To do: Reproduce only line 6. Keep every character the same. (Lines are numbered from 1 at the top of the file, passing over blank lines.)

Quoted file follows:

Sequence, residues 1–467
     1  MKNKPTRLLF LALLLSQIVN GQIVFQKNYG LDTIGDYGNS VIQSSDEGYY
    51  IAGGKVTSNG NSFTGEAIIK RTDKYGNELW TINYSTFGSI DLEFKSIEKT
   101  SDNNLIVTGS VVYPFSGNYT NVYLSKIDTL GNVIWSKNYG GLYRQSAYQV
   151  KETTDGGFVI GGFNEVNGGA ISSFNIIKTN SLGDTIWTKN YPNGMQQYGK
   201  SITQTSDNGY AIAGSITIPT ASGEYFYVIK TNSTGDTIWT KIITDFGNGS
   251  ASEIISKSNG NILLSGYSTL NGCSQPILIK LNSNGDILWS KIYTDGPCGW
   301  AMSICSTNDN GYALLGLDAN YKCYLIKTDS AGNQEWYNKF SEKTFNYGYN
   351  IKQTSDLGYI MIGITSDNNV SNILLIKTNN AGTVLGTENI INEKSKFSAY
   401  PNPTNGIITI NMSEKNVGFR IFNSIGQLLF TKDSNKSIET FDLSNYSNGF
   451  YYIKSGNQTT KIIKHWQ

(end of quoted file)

   201  SITQTSDNGY AIAGSITIPT ASGEYFYVIK TNSTGDTIWT KIITDFGNGS